Activists tell gov to shove its net censorship plans
LCC As various bods gather in London for a conference on cyber-security, leading online rights campaigners have penned a letter to Foreign Secretary William Hague urging the government to maintain freedom and privacy while promoting security.
“We call for the UK government to seize this opportunity to reject censorship and surveillance that undermines people’s rights to express themselves, organise or communicate freely,” the letter states.
Of particular concern to the e-activists, who include Cory Doctorow of the Electronic Frontier Foundation and Simon Davies of Privacy International, are new laws on filtering out porn and terrorist material that are now under government consideration.
The campaigning gang are upset over MP Claire Perry’s crusade to require Brit netizens to opt in to view online grumble flicks, which is currently working its way around Parliament, and the new PREVENT counter-terrorism strategy, which includes proposals that will similarly remove legal but undesirable content from the net.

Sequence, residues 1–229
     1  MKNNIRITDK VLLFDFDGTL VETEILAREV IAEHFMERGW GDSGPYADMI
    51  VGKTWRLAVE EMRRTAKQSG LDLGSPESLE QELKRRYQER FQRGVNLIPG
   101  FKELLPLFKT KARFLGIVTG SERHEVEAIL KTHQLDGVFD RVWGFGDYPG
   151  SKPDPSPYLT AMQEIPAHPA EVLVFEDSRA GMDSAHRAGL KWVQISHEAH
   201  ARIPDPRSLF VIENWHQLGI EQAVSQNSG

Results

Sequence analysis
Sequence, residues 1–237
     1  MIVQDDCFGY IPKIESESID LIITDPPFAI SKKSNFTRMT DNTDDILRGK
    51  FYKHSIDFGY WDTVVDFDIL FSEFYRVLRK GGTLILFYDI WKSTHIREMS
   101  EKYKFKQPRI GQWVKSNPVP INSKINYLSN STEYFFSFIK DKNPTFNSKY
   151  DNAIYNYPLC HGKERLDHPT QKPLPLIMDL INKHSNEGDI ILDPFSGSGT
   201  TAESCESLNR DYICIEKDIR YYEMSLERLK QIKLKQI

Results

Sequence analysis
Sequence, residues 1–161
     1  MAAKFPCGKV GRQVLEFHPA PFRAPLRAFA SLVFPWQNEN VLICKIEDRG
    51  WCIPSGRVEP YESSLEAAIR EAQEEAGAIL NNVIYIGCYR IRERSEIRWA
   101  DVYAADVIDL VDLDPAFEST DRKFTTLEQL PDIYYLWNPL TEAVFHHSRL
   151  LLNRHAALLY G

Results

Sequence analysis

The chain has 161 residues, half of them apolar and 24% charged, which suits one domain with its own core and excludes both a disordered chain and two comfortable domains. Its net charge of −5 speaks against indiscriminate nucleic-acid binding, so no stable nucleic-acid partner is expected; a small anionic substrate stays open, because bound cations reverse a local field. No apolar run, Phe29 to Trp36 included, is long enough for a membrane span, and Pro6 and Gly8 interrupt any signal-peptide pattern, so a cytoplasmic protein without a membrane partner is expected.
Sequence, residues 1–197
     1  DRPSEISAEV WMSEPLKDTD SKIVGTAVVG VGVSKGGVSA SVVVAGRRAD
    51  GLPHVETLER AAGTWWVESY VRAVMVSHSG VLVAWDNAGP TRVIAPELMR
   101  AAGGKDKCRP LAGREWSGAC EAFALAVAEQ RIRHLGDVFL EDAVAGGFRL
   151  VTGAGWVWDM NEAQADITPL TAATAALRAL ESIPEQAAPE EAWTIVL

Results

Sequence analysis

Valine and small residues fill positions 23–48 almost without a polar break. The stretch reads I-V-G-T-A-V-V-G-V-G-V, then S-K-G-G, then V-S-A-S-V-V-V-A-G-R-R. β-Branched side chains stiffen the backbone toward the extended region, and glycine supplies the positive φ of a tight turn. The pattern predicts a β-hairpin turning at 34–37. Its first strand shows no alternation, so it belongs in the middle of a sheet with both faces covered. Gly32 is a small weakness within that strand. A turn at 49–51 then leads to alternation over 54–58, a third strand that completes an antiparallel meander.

The letter also shoots down the Prime Minister’s suggestion of a social networking crackdown, a move mulled in the aftermath of the summer riots, and more generally the government’s “plans for more pervasive powers to surveil and access people’s personal information online”.
Eleven groups are represented on the letter, including names from The Index on Censorship and openDemocracy.
It looks like Hague might be taking the arguments on board, kicking off the cyber-security conference with a speech railing against net censorship. ®